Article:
A History of the County of Surrey: Volume 3. Originally published by Victoria County History, London, 1911.
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In this section
Cisendene and Cisedune (xi cent.), Chissendon (xii cent.), Chesinden (xiii cent.), Chesingdon (xiv cent.), Chyssyndon (xv cent.).
Chessington is a very small village about 3 miles south from Surbiton Station, and 2 miles west of Ewell. The parish, which is a chapelry to Malden, measures 3 miles from north-east to south-west, and barely a mile in any part from north-west to south-east, and contains 1,645 acres. This includes a detached part of Malden, round the farm called Rushett, which lies south of Chessington, and was added to the parish in 1884. (fn. 1)
The soil is entirely London Clay, undulating considerably. A brook which flows into the Hoggsmill stream runs through the parish, which is traversed throughout by the road from Kingston to Letherhead. Rushett Common now only exists as roadside waste on each side of this road.
On a little hill covered with wood south-east of the church, and on the other side of the stream, is a small inclosure or camp, about 100 yds. by 30 yds. in extent. Brayley (fn. 2) says that a Roman brass coin was found near it, and that it was known as Castle Hill. If so, the name has been disused, and it is now called Four Acres Wood. The stream has hollowed out a valley in the clay close by, and across the valley there was thrown a very substantial dam, perhaps the site of the mill of which Robert de Watevile held half in 1086. But the dam, now cut through at each end, is more than enough for a milldam, and may have been made a pool for the better protection of this side of the fortification above.
In the 18th century Mr. Samuel Crisp, the friend of Dr. Burney, lived at Chessington Hall, and Miss Burney is said to have written part of Cecilia in a summerhouse in the garden which is still standing. Her father composed the epitaph upon Mr. Crisp which is in the church, and her Diary contains many references to him and to her visits to the house.
The inclosure was made by an award dated 1 August 1825. (fn. 3) A map in possession of Mr. Chancellor of Chessington Hall shows the parish largely cut up into very small holdings of villagers whose names correspond to those in the earlier registers.
Chessington Hall is now the seat of Mr. Horatio Chancellor; Chessington Lodge of Mr. D. R. Cameron; Strawberry Hill of Mr. A. E. Clerk.
A Church of England school was founded by subscription in 1822, and for a time was divided into two parts for primary and more advanced teaching. The latter was discontinued about fifty years ago. The present building was erected in 1863.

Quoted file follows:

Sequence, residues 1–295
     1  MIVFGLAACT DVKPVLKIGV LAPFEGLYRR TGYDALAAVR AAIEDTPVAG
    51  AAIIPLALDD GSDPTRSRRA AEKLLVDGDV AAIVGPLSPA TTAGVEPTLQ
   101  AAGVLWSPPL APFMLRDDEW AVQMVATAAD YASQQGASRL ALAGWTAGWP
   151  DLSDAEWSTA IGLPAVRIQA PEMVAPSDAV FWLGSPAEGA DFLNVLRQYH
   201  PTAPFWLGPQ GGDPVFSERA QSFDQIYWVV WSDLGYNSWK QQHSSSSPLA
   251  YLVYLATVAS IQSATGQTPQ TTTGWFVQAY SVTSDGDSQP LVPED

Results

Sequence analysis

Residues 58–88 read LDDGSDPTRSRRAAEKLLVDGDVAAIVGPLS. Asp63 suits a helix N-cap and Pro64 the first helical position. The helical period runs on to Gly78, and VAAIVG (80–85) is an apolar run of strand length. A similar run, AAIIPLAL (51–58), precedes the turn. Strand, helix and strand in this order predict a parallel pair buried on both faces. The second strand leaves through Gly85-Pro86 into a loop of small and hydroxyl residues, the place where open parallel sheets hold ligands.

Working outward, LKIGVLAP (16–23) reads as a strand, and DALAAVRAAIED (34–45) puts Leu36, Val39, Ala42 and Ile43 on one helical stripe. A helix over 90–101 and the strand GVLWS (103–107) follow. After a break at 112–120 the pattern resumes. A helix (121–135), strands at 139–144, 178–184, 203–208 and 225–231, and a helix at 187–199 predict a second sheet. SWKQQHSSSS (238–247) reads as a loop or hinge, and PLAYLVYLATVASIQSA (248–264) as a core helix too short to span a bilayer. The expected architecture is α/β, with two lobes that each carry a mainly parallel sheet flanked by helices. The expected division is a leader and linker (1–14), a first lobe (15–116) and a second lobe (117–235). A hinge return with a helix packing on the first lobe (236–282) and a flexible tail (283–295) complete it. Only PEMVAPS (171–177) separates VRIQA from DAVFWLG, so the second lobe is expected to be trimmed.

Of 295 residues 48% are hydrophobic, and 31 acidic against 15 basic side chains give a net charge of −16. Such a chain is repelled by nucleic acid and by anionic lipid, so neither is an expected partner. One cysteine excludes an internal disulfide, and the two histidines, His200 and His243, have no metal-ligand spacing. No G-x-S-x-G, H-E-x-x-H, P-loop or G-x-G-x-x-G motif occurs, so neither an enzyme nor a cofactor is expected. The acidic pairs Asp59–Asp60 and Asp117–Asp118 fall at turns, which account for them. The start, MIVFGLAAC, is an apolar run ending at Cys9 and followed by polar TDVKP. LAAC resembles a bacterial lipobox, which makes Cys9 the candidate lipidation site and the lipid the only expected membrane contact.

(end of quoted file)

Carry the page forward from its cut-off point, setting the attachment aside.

There is an iron parish room in the village.
The manor of CHESSINGTON was held in the reign of Edward the Confessor by one Erding, and in 1086 by Richard de Tonbridge, ancestor of the Clares, Earls of Gloucester. (fn. 4) In 1439 it was included among the knights' fees held by Isabel Countess of Warwick, through descent from Eleanor wife of Hugh le Despenser and co-heiress of Gilbert de Clare (fn. 5); after the death and attainder of Richard Nevill, husband of Anne daughter and heiress of Isabel, the overlordship apparently escheated to the Crown.
In 1086 Robert de Watevile was holding this manor under Richard de Tonbridge, (fn. 6) and his descendants continued to hold both this manor and Malden until 1240, when a grant of Malden, evidently including Chessington, of which a whole or a part was a member of that manor, was made by William de Watevile and Peter de Malden, his subtenant, to Walter de Merton, (fn. 7) who received a grant of free warren there in 1249. (fn. 8) In 1262 licence was granted by Richard de Clare for the presentation of Malden with its member of Chessington to the 'House of Scholars' which Walter de Merton was founding at Malden, (fn. 9) and in 1264 Walter de Merton assigned them by charter to this house, for the support of 20 scholars at Oxford. (fn. 10) The manors thus became part of the endowment of Merton College, Oxford, the estate at Chessington being subsequently known as CHESSINGTON PARK.
In 1287 Richard de Merplesdon, Warden of the House of the Scholars of Merton, in Oxford, was holding 3 fees in Farley, Malden, and Chessington, of William de Watevile, as mesne lord between the said Richard and Gilbert de Clare. (fn. 11) In 1279 the master and scholars of Merton claimed Chessington as a park pertaining to their manor of Malden, with warren in all their demesne lands there by charter of Henry III. (fn. 12)
Edward I confirmed these estates to the scholars of Merton in 1290, (fn. 13) and they are mentioned among the fees held by Merton College of the descendants of Richard de Clare in 1314, (fn. 14) 1375, (fn. 15) 1428, (fn. 16) and 1439. (fn. 17) In 1578 the college ceded their manors of Malden and Chessington Park for a term of 5,000 years to the Earl of Arundel, from whom they passed to Lord Lumley, and shortly after to the family of Goode. As a result of legal proceedings commenced against Sebastian Goode in 1621, with a view to evading the terms of this lease, the college finally recovered this estate in 1707, and retain it to the present day. (fn. 18)
In 1086 Robert de Watevile was holding of Gilbert de Clare in Chessington half a mill worth 10s., but it is not mentioned in connexion with the manor after this date.
Another estate in Chessington, probably part of the original manor, was acquired by Merton Priory, (fn. 19) whose lands in the 16th century are entered in the monastic accounts under the name of the manor of CHESSINGTON-AT-HOKE.
In 1521 the manor was leased by the Prior of Merton to Thomas Rogers for a term of 21 years at a rental of £5 0s. 6d., chargeable with 20s. 6d. in fee-farm rent due to the king, (fn. 20) and this lease was renewed to Richard Rogers on the same terms in 1525 (fn. 21) and in 1536. (fn. 22) The manor was surrendered to the Crown with the rest of the possessions of the priory in 1538, and in 1552 was held at farm by Richard Hewer for the sum quoted above. (fn. 23)
George Rigley made a request to purchase this manor in 1553–4, (fn. 24) but nothing appears to have resulted, and in 1557 it was granted to William Rigges and Peter Gearing. (fn. 25)